"The crimes of the Nazi era," he told the cheering crowd, "are not an excuse for you to refuse to fight for your own identity. Your only responsibility is to avoid the mistakes of the past." The cardinal error of the interwar years, according to Wilders, was the failure to identify gathering threats against democracy. In his analogy, it was the Muslims who were the Nazis. The audience rose to its feet to applaud him. It was the first time in decades of reporting from Germany that I witnessed a passionate response to a passionately delivered political speech.

Merkel does not want to grasp the nettle of anti-immigrant populism -- one senses it stings her as much as it does the Muslims she finds herself unloading against. But if she doesn't, if she simply bides her time, she will see her Christian Democratic party crumble. Germans are restless, and they increasingly believe their political class is tone-deaf. Popular resentment is running high, and there is a powerful head of steam behind the emerging anti-Islam movement. No longer can Merkel get away with simply hugging well-integrated Turkish-German soccer heroes and pretending that everything is just fine.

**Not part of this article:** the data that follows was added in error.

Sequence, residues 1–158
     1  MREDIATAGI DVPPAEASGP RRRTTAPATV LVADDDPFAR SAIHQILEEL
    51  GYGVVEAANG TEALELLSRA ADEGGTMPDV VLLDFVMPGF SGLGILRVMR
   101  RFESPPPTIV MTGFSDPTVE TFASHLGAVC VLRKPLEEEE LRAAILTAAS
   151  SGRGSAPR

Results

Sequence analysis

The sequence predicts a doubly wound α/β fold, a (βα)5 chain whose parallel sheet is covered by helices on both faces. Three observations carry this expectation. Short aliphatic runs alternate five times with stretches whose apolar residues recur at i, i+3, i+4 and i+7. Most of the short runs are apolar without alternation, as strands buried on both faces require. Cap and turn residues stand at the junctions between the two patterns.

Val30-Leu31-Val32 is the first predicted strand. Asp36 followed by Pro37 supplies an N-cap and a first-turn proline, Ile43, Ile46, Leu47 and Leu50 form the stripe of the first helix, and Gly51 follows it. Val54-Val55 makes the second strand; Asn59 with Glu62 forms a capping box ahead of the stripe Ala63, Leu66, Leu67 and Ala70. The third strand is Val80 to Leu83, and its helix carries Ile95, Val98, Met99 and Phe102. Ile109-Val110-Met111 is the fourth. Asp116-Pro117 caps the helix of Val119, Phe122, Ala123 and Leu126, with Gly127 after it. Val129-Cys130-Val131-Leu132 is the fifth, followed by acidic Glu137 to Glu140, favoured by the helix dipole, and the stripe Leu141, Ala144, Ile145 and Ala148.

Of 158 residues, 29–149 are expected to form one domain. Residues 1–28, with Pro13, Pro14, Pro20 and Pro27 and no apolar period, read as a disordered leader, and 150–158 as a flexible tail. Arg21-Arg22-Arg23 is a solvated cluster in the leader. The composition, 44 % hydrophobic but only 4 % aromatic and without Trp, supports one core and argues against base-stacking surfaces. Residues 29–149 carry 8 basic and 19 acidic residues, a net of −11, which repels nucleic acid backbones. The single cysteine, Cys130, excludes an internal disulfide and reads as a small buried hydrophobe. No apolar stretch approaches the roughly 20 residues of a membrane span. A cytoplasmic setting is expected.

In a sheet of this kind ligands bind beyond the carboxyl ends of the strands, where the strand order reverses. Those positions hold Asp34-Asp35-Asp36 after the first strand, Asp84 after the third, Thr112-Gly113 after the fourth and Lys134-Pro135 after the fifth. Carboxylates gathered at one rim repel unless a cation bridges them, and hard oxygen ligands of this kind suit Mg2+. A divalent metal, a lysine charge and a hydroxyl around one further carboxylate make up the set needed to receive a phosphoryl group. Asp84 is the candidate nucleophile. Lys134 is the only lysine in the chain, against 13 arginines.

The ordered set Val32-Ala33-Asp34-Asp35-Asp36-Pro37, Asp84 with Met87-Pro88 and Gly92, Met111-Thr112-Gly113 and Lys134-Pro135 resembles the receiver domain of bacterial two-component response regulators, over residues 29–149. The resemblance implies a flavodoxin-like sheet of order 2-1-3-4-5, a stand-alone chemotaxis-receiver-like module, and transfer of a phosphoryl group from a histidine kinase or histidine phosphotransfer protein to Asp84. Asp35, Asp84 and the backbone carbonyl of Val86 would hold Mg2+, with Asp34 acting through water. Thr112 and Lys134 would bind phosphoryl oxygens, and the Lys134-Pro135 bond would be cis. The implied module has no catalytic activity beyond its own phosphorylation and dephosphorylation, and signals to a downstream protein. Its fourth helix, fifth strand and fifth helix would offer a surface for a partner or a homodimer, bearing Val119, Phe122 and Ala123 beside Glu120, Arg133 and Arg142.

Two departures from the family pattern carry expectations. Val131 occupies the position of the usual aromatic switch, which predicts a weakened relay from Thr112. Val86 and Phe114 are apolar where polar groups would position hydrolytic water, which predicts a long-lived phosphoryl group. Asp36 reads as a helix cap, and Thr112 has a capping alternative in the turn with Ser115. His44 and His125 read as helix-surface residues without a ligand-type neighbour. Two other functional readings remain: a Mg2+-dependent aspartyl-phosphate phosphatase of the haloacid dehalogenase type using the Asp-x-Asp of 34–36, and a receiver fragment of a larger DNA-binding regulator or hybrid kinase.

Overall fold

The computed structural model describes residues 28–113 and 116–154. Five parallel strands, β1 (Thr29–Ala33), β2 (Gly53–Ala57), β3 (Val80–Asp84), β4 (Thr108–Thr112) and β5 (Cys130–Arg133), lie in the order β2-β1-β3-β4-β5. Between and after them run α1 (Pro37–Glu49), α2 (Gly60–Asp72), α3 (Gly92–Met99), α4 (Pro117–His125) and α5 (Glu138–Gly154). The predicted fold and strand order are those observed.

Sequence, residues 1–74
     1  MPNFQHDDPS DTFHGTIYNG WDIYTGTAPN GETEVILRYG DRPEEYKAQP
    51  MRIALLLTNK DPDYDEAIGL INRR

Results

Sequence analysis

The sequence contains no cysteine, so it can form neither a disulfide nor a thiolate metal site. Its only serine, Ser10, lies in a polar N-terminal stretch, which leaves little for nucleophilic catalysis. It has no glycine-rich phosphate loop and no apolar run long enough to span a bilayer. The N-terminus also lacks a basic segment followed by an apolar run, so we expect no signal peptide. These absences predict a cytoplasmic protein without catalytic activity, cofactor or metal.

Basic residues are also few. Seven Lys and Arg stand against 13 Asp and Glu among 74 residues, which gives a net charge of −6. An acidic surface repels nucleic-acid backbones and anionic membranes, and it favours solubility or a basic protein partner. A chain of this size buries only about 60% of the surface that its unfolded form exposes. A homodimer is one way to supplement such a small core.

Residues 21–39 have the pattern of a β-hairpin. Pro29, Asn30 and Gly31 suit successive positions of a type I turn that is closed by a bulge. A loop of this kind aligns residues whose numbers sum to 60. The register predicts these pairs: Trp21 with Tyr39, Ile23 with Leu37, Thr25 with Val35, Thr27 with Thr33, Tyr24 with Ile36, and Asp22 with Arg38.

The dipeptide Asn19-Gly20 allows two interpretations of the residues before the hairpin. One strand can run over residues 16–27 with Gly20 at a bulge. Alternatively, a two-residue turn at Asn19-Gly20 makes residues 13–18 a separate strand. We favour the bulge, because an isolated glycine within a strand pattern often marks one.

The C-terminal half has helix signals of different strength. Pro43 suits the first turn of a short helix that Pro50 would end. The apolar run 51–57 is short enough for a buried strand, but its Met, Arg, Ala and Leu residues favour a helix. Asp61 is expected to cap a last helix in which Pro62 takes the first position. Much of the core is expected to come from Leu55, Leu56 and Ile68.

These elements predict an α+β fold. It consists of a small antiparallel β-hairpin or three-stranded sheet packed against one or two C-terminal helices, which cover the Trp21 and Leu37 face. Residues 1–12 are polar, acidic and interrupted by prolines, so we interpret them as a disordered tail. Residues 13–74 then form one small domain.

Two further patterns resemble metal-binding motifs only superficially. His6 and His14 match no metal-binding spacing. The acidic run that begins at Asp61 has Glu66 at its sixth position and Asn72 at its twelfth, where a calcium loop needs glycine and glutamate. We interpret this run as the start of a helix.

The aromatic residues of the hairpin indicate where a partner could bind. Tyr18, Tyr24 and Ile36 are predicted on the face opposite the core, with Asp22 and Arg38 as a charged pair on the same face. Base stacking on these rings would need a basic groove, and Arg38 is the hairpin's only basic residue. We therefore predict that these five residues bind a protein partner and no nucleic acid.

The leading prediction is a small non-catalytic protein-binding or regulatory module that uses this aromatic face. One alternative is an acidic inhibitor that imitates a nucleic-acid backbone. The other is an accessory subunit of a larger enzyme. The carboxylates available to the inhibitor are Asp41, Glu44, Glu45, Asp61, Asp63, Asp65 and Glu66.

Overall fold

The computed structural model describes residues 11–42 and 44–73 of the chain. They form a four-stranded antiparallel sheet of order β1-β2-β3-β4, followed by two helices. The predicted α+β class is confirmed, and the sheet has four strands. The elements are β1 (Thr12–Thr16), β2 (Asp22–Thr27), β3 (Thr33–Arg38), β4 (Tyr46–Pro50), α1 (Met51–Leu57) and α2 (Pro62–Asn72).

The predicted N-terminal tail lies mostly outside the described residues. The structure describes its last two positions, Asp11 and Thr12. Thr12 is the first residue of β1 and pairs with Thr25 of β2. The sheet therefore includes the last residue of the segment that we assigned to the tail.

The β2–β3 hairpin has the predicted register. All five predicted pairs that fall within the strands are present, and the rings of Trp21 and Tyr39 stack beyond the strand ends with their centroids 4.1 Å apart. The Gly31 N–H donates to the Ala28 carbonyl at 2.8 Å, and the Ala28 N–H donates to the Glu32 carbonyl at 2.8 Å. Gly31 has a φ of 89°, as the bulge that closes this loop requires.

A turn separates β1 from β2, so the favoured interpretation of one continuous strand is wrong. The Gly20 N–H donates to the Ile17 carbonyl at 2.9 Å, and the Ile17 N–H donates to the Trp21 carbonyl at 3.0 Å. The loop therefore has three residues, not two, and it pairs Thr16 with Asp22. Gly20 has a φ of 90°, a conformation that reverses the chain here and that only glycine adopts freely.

Sudan's War Inside

As pundits warn of a north-south Sudan scuffle, they might miss the real brewing conflict: within Southern Sudan.

BENTIU, Sudan—Gen. Gabriel Tanginye has a complicated relationship with his home region of south Sudan. Born and raised there, he has spent much of his life fighting for the country's north. And during a 21-year-long north-south civil war, that meant Tanginye was fighting against his own regional kin. It's a role he seemed to have no qualms in undertaking; in 2000, he hijacked a U.N. plane to show his displeasure with the international body's assistance to south Sudan's vice president. Today, he lives in the northern capital of Khartoum, supporting his southern-based family from afar.

Recently however, Tanginye has been back in south Sudan trying to make amends. With the looming January 2011 referendum, in which south Sudan is likely to vote for independence from the north, Tanginye realized that his future as a northern military commander may have a limited horizon. So when the men now leading the Southern Sudanese government came calling, Tanginye's calculation was simple: Take the hefty reward they offered him for switching camps, rejoin the south, bring his 44,000-strong ethnic militia with him, and express his solidarity with his former enemies ahead of the crucial independence vote. Then after the ballot, reconsider his options.